Revealed: thousands who bought ‘golden passports’ through Dominica’s $1bn scheme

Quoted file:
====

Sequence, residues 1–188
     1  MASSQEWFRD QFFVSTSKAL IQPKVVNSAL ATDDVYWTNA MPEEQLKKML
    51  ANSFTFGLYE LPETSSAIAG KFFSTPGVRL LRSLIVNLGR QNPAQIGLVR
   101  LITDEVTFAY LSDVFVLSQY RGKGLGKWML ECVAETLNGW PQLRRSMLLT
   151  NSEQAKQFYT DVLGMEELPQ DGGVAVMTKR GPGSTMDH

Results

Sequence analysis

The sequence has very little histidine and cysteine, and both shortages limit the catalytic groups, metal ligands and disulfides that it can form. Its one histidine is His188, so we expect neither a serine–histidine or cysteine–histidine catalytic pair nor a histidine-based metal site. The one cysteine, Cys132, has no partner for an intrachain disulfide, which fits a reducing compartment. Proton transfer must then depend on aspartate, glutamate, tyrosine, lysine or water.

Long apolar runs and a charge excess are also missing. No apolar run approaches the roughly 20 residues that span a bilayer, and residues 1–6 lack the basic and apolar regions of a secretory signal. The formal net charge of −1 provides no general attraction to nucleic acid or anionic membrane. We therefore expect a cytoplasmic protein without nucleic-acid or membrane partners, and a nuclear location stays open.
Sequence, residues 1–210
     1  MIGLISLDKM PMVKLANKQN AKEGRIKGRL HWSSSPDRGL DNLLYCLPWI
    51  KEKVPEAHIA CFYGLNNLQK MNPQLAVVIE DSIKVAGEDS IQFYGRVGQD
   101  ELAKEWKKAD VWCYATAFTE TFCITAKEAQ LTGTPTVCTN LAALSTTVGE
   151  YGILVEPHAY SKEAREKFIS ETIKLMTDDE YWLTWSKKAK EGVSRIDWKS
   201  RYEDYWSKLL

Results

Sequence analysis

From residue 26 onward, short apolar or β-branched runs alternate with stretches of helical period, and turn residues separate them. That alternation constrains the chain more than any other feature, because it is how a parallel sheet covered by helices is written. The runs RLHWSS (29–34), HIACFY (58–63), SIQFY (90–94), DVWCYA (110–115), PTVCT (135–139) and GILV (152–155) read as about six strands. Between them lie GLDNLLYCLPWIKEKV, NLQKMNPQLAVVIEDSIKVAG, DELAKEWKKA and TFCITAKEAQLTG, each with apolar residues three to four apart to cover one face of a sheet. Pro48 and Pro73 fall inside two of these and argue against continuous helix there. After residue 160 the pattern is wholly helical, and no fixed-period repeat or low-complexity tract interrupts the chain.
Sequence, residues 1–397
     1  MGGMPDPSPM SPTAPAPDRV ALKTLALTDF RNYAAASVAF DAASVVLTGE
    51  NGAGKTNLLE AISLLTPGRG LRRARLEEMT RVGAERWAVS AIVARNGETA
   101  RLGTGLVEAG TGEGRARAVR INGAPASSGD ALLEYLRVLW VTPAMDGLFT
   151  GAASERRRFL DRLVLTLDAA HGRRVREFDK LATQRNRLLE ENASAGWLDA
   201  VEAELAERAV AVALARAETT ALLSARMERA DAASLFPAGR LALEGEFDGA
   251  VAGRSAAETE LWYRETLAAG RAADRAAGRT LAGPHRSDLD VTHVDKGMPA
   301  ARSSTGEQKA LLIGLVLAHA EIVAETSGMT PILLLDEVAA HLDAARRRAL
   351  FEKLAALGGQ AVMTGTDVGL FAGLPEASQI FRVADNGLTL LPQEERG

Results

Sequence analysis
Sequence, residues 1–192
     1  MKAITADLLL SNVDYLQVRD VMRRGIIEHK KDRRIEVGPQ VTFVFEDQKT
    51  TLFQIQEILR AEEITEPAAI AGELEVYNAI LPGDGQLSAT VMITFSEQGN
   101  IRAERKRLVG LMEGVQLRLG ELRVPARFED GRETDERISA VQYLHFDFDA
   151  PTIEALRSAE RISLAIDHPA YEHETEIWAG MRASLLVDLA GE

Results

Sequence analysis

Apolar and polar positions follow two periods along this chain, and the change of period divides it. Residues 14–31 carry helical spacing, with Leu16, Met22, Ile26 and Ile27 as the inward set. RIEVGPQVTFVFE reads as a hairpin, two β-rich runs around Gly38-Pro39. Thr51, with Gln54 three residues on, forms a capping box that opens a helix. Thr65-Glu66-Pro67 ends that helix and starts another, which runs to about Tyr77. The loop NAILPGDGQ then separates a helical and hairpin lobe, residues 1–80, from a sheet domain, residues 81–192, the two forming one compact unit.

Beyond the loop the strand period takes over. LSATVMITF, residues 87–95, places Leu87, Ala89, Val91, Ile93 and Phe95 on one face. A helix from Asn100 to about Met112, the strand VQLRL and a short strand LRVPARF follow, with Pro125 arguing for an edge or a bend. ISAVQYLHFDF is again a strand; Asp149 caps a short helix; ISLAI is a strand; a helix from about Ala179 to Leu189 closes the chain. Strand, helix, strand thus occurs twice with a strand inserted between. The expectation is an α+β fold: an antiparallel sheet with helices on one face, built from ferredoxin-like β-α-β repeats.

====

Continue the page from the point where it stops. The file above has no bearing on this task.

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The Caribbean state of Dominica has sold citizenship to thousands of individuals including a former Afghan spymaster, a Turkish millionaire convicted of fraud and a former Libyan colonel under Muammar Gaddafi, the first detailed examination of the country’s controversial “golden passports” scheme has found. The findings are from Dominica: Passports of the Caribbean, an investigation by the Guardian and 14 other international news organisations, in partnership with the Organized Crime and Corruption Reporting Project (OCCRP). Dominica’s golden passports scheme – one of the world’s biggest – has according to official declarations raised more than $1bn (£822m) through its citizenship by investment scheme since 2009. Its passports are in demand around the world, and a series of international agreements ensure its citizens travel visa-free to 140 countries, including most EU member states. However, until now, the names of the individuals who have paid the price tag of at least $100,000 (£82,000) a head to acquire Dominican nationality – in many cases without setting foot on the island – have been difficult to obtain. By working with the Government Accountability Project, a US-based advocacy group that scoured archives and libraries across the Caribbean for copies of official public documents, and by reviewing leaked material, the project was able to compile lists of names of thousands of people who became citizens. The first ever tally of names published in Dominica’s official government gazette shows an island state with a population of just over 70,000 has granted citizenship to 7,700 individuals since 2007 – although our research suggests there may be thousands more. Some were naturalised through immigration or marriage, but the vast majority bought their citizenship. Any government has the legal right to set its own standards on who becomes a citizen. And for many people living under oppressive regimes, a second nationality can provide security. Names that appeared to be of Iranian, Chinese and Russian heritage were among the largest groups of people who became citizens. For individuals from these countries, a Dominica passport can also mean less red tape when crossing borders, doing business or opening a bank account abroad. Some of the findings raise questions about the transparency and governance of the scheme, and some are potentially embarrassing for Dominica. One buyer had publicly been accused of war crimes before obtaining citizenship, while another had been a colonel and senior security official under Muammar Gaddafi. Citizenship by investment applicants are barred if they have a criminal record but, in one example, a buyer appears to have been jailed for fraud before he secured citizenship. Others have run into trouble since acquiring Dominican citizenship, including one named on Interpol’s wanted red list. Dominica has become heavily reliant on selling citizenship to fund its public services, with this source of income accounting for about half of all government revenues. Concerns about the scheme have led to consequences for natural-born Dominicans. The UK government in July stopped visa-free travel from Dominica and four other countries. Dominica’s government did not respond to detailed requests for comment. However, the prime minister, Roosevelt Skerrit, who has overseen the expansion in citizenship sales since taking office in 2004, defended the programme during press conferences on 18 September and 3 October, apparently in response to this investigation. He said: “We have professed to have a robust system that we go through in different layers of due diligence, and if somebody were to become a citizen of today and tomorrow morning the person goes and does something and finds himself in problem with the law, you can’t blame the programme for that.” Skerrit compared the Dominica scheme to the US’s green card, which gives permanent residency rights. He said nobody blames the US when people commit crimes after it grants residency. He also made a series of outlandish and false claims that reporters on the investigation had been paid by opposition politicians in Dominica to try to “destroy” the scheme, and likened reporters to arsonists and “terrorists”. Dominica’s national archives are housed in a modern concrete structure, set among the pastel-painted colonial buildings of the small town of Roseau, the island’s capital. Here, string-bound issues of the weekly Dominica Official Gazette can be found. The gazette is the only official public source of information about the thousands of individuals who have become Dominican citizens. Published only on paper, with no official digital copies, the information the gazettes contain is not easily accessible. Last year, the Government Accountability Project took action to improve transparency. It viewed dozens of gazettes from libraries, private collections and from the University of the West Indies in Jamaica, and drew up a list of every naturalised citizen from 2007 to 2022. Other names were found in documents leaked from a hotel developer licensed to accept passport buyers as investors. Among the names brought to light is that of Asadullah Khalid, who served as governor of two provinces of Afghanistan, as the country’s spy chief, and latterly as defence minister. He held these senior positions during the years of turmoil after the invasion by the US and allies in 2001, until the Taliban took over in 2021. Khalid has been accused by UK and Canadian officials of responsibility for human rights abuses, including allegations, widely reported in 2012, that there was a torture chamber under his guest house. He obtained citizenship in 2017, at a time when these allegations were already public. The allegations against Khalid have never been tested in court. He has previously said there was no evidence for allegations that were “just propaganda”. Khalid did not respond to requests for comment. Another investor was Sasi Milud Sasi Grada, a former colonel under the Gaddafi regime in Libya. Grada obtained citizenship in 2015, having fled Libya after the civil war that overthrew Gaddafi, before returning. In a telephone interview, Grada said although he knew Gaddafi personally from the 1960s onwards, when they trained in the military together, he did not discuss politics with Gaddafi. He said he left the military in 1989 at the rank of colonel, before running government security for facilities such as banks, universities and oilfields until the civil war. Under Dominican regulations, citizenship by investment applicants are barred if they have a criminal record. However, one individual seems to have been able to purchase citizenship despite appearing to have a conviction for fraud. The Turkish businessman and former government minister Cavit Çağlar bought citizenship in 2011, seven years after he was given a prison sentence and a fine for fraud relating to Interbank, a bank he owned until it was taken over by Turkish regulators in 1999. In 2010 his sentence was suspended, and reduced to one year and nine months in prison, as well as a fine, the Turkish newspaper Hürriyet reported. In a 2019 interview, Çağlar said he served nine and a half months in prison, and that he was not a criminal. A representative of Çağlar’s newspaper company, Olay, said he did not wish to comment when approached by the Guardian and OCCRP. Others appear to have run into trouble after obtaining their passports. One investor who has faced allegations of wrongdoing since obtaining citizenship is Mehdi Ebrahimi Eshratabadi, an Iranian wanted in Iran for alleged fraud, according to an Interpol red notice. Eshratabadi, who also goes by the name Tony Newman, obtained Dominican citizenship in 2015. His lawyer described Iran’s addition of him to Interpol’s wanted list in February 2020 as an “abuse of red notice system by the Iranian” government. The lawyer said he was vigorously denying allegations by the Iranian regime and is defending himself in criminal proceedings in Iran. Oday Nadir Abdulkareem al-Quraishi, an Iraqi, obtained a Dominican passport in 2012, before moving to Dubai, according to previously leaked property records. In 2016, media reports alleged that, while working as an engineer at an Iraqi-state owned oil company, he had accepted bribes between 2009 and 2011 to steer lucrative contracts to clients of Unaoil, an oil services company. The following year Iraq issued a warrant for his arrest in connection with the allegations. He denied any wrongdoing, and said he left Iraq because of “security and ethnic problems” and “long before any of this start[ed]”. By email, he said he would settle the matter “once the security situation and the time is appropriate”. Kyle Davies, a leading player in cryptocurrencies, appears to have obtained a Dominican passport in 2009. He co-founded the Three Arrows Capital hedge fund in 2012. However, the fund collapsed in 2022, one of a string of financial failures caused by the crash in cryptocurrencies, leaving investors claiming losses worth billions of dollars. Teneo, the liquidators of the fund, said in a statement last month that Singapore had issued a “committal order” for four months in prison for Davies for failing to cooperate with the liquidation process, “but his whereabouts remain unknown at this point in time”. Contacted by the Guardian, Davies’s lawyers criticised the liquidators. They did not address questions about his citizenship. Golden passport and residency schemes have multiplied in recent years. Dominica’s scheme is one of the cheapest, requiring a direct donation of $100,000 to the government or an investment of $200,000 in a government-approved real estate project. A former French and then British colony, located in the eastern Caribbean, Dominica gained independence in 1978. Since 1993, it has sold citizenship. Sales began to really take off after 2015, when a treaty signed with the EU guaranteed its citizens visa-free travel in the Schengen area for up to 90 days a year. Anti-corruption campaigners and politicians have long expressed concerns about golden passport regimes. Eka Rostomashvili, the campaigns lead at Transparency International, an anti-corruption watchdog, said: “It’s no secret that visa-free travel to the EU and the UK has been one of the main selling points of the Caribbean citizenship by investment programmes. Both the EU and UK have had their fair share of troubles with such schemes, leading several EU countries and the UK to completely shut down their [own] programmes.” The UK scrapped its golden visa scheme last year, while Cyprus stopped selling citizenship in 2020. However, golden passports play a central role in Dominica’s economy. The country’s leaders say the money is needed to replace its once dominant banana exports, damaged by changes in trade rules. Revenues – estimated at more than $1bn since 2009 – have become the main source of income for the Dominican government, helping to fund schools, healthcare and other public services. Defending the scheme at last month’s press conference, Skerrit said it “underwrites a significant part of economic and social development” on the island, and “has been used to build thousands of homes, improve healthcare, help with national security, help you diversify the economy and grow the economy in agriculture and tourism, with the building of hotels”.